Mortgage Income Relief Has Become Another Subsidy to Banks, Says Burton
Byline: Eva Marie Gibney
MORTGAGE interest relief payments have become an unintended subsidy to the banks, the Social Protection Minister has warned.
Income support from the Government helps thousands of families stay above the breadline, but Joan Burton said the scheme is costing the State far too much.
Payments so far this year have topped [euro]77million. Mrs Burton explained that as the Troika piles on the pressure to slash department budgets, such high payouts are no longer sustainable.
She was speaking at a conference to discuss the recent Keane Report on mortgage arrears.
Representatives from AIB and Ulster Bank, budgetary advisory group MABS, the Bar Council, the Society of St Vincent de Paul and the National Consumer Agency were among those who attended. The event was chaired by report author Declan Keane.
Mrs Burton said: 'Obviously the Department is under ferocious pressure in relation to finding the savings that were agreed with the IMF.
'But the critical thing with the mortgage income supplement is that it needs to be a help to people in difficulty with their mortgage, not simply a subsidy to the banks.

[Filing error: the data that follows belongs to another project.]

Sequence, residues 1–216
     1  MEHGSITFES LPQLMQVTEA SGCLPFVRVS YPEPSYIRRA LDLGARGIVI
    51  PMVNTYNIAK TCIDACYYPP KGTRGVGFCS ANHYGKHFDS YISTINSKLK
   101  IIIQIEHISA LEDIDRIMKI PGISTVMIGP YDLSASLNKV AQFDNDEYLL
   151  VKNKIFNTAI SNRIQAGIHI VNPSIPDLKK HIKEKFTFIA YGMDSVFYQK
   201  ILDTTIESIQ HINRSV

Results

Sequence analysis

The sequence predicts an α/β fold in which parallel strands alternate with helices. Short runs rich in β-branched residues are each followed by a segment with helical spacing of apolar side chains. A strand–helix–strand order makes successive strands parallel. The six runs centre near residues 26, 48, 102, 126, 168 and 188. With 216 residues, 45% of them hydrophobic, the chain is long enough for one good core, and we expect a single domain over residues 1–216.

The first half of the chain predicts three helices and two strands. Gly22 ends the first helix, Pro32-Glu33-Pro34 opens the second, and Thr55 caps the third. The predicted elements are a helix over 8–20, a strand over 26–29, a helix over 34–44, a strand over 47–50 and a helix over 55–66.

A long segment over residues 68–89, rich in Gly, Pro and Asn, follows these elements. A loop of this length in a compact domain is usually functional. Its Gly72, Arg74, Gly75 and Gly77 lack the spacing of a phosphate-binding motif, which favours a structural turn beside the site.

'To some extent, that's what it's becoming now because some people are on mortgage income supplement for around three years and we saw the figures presented by the department whereas the idea behind it was to be a shortterm help.' Proposals discussed at the conference included the introduction of 'mortgage-to-rent' social housing schemes that would see approved housing agencies taking ownership of homes in specific circumstances.
The second proposal would see the leasing of houses by banks to local authorities, which would in turn rent them to former owners.
It was also recommended to curtail the mortgage interest supplement and to provide an independent mortgage advice body to support mortgage holders.
The minister welcomed the ideas, as more than 18,500 struggling borrowers are receiving mortgage interest relief.
'We are picking up the tab for a share of those borrowers' debt burden, and the money we pay goes directly to the banks,' she told the conference.
'We also spend more than [euro]500million a year on rent supplements for 100,000 people who cannot afford to house themselves. …